Richie Nimmo


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Personal profile


Postgraduate Opportunities

I am interested in receiving proposals for supervision of PhDs (1+3 or +3) or Postdoctoral Fellowships in the following areas:

  • human-animal relations; animals and society; animals and science/technology; critical animal studies; multispecies ethnography.
  • environment/nature and society; environment and science/technology; political ecology; 'Anthropocene'/'Capitalocene'.
  • more-than-human social research; posthumanism; new materialism; actor-network theory; relational socio-materialities.

Research interests

- Human-animal relations; animals and science/technology; multispecies approaches.

- Ecological crisis; political ecology; eco-Marxism; Anthropocene/Capitalocene. 
- More-than-human social research; posthumanism; actor-network theory; relational materialities.
I am intrigued by the ambiguous status of nonhumans in modern and late modern cosmologies and knowledge-practices, and the constitution of 'the social' across materially heterogeneous - and multi-species - relations, systems and flows. In social thought nonhumans are often a kind of absent presence, rendered marginal as a 'context' of human agency whilst performing the invisible work of shaping foundational notions of 'the human'. As such, my work contributes to the burgeoning posthumanist current within sociology, anthropology, geography and related disciplines, by examining socio-material relations in various historical and contemporary assemblages. 
Nonhuman animals have been a consistent presence in my research, and I am drawn to problems and controversies at the intersection of animals, environment, science and technology.
Current projects: 
i) Animals, nonhuman labour and value: a theoretical project analysing the specific role of nonhuman animal labour within capitalist production and accumulation, drawing from posthuman political economy and focusing centrally upon tracing the operation of the logic of value in relation to nonhuman work. 
ii) Trust in veterinary medicine, 'big-pharma', crowd sourced medication, and Feline Infectious Peritonitis:  an empirical project exploring how a drug re-purposed for treatment of Covid-19 has become a breakthrough treatment for an otherwise fatal virus of cats, the limited legitimate availability and prohibitive pricing of which has led to the emergence of 'black market' global supply networks using crowd-sourcing among cat owners as a substitute for veterinary medical expertise.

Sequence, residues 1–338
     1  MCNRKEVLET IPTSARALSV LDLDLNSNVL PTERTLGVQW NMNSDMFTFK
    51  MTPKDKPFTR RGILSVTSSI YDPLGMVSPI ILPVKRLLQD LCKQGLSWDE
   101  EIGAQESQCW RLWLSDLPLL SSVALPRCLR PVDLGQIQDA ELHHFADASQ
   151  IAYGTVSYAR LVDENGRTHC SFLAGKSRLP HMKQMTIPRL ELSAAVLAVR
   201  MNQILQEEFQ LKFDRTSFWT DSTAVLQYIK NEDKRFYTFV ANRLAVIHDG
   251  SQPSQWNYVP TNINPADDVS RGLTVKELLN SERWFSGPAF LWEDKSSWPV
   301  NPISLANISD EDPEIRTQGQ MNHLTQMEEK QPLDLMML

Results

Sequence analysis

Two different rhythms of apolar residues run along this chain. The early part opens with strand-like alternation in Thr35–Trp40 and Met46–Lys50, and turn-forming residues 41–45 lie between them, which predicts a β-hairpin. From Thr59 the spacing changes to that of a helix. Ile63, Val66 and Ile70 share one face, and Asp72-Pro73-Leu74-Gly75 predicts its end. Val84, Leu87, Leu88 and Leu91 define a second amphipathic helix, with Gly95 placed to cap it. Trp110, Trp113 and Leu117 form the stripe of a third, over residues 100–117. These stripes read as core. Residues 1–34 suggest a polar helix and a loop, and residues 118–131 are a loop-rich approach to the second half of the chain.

Past projects have included:
- A posthumanist genealogy of modernity read as a technopolitical project of assembling a purified human ‘social’ domain, worked through a sociomaterial history of the British dairy industry.
- A multidimensional project on bees, encompassing a biopolitical reading of Colony Collapse Disorder as a crisis of the Anthropocene, and an exploration of the ontological politics of neo-Darwinist approaches to insect social behaviour.

Keywords: animals, environment, posthumanism, knowledge-practices, science and technology, materiality, relational, ontology. 



Richie is course convenor and lecturer for the following courses:

  • Sociology of Human-Animal Relations (SOCY30041) - 3rd year.
  • Sociology Dissertation (SOCY30930/20) - 3rd year.
  • Environment and Society (SOCY10202) - 1st year. 


I was awarded my PhD in Sociology from the University of Manchester in 2007. My thesis was a posthumanist socio-material history of the British Dairy Industry, grounded in archive historiography, and drawing upon actor-network theory and Foucauldian genealogy. Later that year I was fortunate enough to secure a fixed term lectureship in Sociology at the University of Aberdeen. Two years later I had the opportunity to return to Manchester as Lecturer in Sociology, and I became Senior Lecturer in 2018. 

Further information

Administrative/leadership roles:

Sociology Programme Director (April 2021-August 2021) - maternity cover. 

Sociology Undergraduate Teaching and Learning Director (Jan 2018 - July 2019). 

Sociology Programme Director (Sept 2016 - Jan 2018).

Supervision information

Current and recent doctoral supervision:

- Topo Mokokwane (2022- ): 'The Nexus of Culture and Ecology in Sustainability'. Lead Supervisor with Dr Dan Welch. 

- Maisie Tomlinson (2016-2021): 'Critical anthropomorphism' and multi-species ethnography: an investigation into animal behaviour expertise'. Lead Supervisor with Dr Sophie Woodward. - PhD Awarded.